It is specific to apprenticeships – an employment contract for standard workers is not enough for an apprentice. Because apprentices who work under an apprenticeship contract work under an employment contract with their employer, they are entitled to a salary under national minimum wage schemes. Traditionally, apprenticeship contracts were a heavier burden on the employer than a regular employment contract, as the primary purpose of apprenticeship was considered to be an offer of training for the individual, as the exercise of work was a secondary consideration for the employer. These contracts were governed by the common law and were generally temporary. The apprentice was protected from premature termination of the apprenticeship contract, which often prevented employers from committing to such an agreement, especially in times of economic hardship. Approved English apprentice training must meet the conditions set out in the rules of the Secretary of State. They must enable employers to create learning standards for their own sectors. Recognized English learning is not applicable until the State Secretary has given its consent. The regulation, which came into force on April 6, 2012, states that the apprenticeship contract must contain the most important information about the apprentice`s employment, as it must be provided to all workers within the meaning of Section 1 of the Employment Rights Act 1996 (ERDF). In October 2010, a pay, wages and the national minimum WAGE (NMW) quota was introduced. An apprentice aged 19 and over, who has been an apprentice for more than 12 months, would be entitled to the NMW development rate or adult rate based on his or her age: in 2011, the Education, Skills, Childhood and Learning Act (ASCLA 2009) came into force.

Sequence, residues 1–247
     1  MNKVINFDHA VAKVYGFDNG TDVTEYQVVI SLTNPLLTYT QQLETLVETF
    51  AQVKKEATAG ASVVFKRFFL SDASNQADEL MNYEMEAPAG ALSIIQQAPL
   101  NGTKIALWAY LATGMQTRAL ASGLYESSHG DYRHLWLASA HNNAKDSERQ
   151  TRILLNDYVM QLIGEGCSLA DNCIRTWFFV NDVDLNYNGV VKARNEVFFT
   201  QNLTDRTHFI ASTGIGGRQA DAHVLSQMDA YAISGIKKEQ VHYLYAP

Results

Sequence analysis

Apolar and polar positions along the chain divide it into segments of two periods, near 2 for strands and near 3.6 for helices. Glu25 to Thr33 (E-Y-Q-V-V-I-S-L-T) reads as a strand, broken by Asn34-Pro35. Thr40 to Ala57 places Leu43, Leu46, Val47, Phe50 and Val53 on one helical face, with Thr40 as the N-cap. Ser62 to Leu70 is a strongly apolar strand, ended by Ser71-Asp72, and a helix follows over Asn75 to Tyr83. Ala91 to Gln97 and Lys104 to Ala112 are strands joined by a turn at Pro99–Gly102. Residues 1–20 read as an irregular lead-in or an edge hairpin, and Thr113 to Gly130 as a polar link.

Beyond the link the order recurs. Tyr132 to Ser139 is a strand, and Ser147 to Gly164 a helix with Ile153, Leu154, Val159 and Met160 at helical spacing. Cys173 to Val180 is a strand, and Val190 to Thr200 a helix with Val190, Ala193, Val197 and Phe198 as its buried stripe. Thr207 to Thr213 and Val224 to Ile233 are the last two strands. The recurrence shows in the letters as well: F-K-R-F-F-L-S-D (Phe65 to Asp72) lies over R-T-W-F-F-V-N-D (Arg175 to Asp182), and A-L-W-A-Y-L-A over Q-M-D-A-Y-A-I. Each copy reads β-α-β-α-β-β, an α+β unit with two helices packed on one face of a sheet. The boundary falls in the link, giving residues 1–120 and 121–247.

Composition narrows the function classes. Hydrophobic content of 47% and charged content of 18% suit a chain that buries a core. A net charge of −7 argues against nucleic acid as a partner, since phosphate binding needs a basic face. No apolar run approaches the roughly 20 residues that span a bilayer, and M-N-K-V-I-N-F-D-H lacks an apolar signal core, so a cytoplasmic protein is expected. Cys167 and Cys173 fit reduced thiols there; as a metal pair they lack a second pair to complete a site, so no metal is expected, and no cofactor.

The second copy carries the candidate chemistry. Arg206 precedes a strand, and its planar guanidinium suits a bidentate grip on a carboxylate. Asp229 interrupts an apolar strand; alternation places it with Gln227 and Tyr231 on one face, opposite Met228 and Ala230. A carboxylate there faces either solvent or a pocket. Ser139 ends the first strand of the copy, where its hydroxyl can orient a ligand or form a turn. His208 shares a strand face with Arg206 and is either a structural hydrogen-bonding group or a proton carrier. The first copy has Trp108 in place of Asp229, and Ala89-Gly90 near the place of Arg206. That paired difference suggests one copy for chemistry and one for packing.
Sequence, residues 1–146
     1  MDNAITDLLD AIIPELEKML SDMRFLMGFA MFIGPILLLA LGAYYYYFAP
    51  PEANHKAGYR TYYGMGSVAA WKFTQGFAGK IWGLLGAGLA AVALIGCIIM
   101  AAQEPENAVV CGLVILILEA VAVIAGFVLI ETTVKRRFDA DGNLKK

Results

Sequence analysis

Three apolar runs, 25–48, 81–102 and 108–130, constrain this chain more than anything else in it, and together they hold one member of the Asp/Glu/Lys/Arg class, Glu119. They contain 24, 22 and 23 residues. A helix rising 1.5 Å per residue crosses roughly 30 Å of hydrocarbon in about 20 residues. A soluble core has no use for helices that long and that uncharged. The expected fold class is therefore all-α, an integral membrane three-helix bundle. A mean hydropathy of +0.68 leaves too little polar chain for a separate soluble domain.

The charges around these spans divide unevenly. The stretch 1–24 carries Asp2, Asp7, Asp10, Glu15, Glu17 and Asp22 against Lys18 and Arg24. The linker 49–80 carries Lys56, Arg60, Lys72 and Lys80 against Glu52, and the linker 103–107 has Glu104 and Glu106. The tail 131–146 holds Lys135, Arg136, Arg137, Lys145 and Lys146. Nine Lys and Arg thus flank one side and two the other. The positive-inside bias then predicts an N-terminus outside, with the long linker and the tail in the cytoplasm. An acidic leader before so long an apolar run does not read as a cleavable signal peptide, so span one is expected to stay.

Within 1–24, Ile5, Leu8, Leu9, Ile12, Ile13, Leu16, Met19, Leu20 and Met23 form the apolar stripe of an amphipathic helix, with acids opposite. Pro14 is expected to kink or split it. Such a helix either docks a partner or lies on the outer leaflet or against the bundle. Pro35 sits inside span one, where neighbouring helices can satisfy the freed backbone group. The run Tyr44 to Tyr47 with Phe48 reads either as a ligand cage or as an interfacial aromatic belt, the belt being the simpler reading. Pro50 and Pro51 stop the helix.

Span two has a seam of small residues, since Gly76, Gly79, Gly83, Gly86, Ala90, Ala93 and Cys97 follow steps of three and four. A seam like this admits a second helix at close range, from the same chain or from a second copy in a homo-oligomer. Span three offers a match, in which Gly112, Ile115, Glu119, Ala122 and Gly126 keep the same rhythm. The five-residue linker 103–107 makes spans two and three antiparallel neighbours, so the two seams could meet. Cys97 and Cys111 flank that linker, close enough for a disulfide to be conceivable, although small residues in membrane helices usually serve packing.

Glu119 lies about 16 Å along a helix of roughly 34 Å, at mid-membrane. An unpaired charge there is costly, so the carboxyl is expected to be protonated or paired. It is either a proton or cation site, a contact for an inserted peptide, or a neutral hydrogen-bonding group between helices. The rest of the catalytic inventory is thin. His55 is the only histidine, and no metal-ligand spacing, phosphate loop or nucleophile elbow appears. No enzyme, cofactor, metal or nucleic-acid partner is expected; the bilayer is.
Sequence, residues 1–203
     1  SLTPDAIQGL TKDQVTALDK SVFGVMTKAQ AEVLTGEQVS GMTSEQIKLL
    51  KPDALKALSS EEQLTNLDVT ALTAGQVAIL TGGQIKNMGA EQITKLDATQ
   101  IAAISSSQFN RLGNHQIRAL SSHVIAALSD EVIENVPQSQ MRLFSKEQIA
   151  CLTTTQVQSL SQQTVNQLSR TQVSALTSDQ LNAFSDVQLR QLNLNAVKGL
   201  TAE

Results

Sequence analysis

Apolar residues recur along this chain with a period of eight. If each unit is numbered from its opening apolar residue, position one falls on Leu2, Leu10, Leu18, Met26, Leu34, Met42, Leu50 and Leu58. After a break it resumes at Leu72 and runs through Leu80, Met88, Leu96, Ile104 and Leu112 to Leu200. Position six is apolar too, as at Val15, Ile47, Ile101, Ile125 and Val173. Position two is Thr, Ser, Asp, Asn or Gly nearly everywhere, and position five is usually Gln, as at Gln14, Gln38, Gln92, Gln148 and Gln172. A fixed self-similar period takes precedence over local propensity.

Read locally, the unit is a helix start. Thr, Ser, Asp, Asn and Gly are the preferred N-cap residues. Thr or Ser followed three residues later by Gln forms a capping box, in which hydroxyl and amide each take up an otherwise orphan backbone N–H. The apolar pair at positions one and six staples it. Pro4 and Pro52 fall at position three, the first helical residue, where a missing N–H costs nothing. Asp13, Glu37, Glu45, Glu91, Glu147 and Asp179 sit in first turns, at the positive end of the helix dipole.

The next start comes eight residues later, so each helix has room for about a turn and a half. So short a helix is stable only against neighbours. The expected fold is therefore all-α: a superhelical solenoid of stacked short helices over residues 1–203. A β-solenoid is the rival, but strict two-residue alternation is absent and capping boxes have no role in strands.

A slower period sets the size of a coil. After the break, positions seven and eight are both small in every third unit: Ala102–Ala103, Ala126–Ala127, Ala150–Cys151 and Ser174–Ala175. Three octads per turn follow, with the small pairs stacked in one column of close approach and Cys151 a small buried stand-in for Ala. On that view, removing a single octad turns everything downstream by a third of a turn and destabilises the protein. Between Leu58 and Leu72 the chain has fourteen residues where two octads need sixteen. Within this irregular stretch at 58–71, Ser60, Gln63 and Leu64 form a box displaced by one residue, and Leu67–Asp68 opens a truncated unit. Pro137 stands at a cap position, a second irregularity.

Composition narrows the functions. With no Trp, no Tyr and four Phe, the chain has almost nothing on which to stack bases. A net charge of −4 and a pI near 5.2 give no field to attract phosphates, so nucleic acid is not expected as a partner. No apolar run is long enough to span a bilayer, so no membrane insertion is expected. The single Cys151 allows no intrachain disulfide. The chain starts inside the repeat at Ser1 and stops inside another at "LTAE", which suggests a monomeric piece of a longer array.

A new legal form of learning has been introduced; an apprenticeship contract under which the apprentice works for an employer under the terms set by ASCLA 2009 and the 2012 Apprenticeship Regulations. An apprenticeship contract has the status of a service contract, which means that an apprentice employed under an apprenticeship contract is only entitled to the legal protection afforded to ordinary workers, but who does not have enhanced protection against dismissal. An apprentice who works under a training contract is entitled to all legal health and safety provisions and better protection against dismissal. For example, an employer who cancels an apprentice may be held responsible for heavy penalties that may include the cost of training for the balance of education, the loss of income for the initial apprenticeship period (which could be up to 5 years) and the loss of future income due to future damage to the apprentice caused by the non-graduation of the training program. It is important to note that the apprenticeship contract should define what happens at the end of the apprenticeship (i.e., whether the job is terminated or if a lawsuit is to be expected) and what could happen if the apprentice fails either academically or in terms of work. Informed employers will clearly determine that the apprenticeship will end without further notice if; A high degree of caution should be exercised when dismissing an apprentice.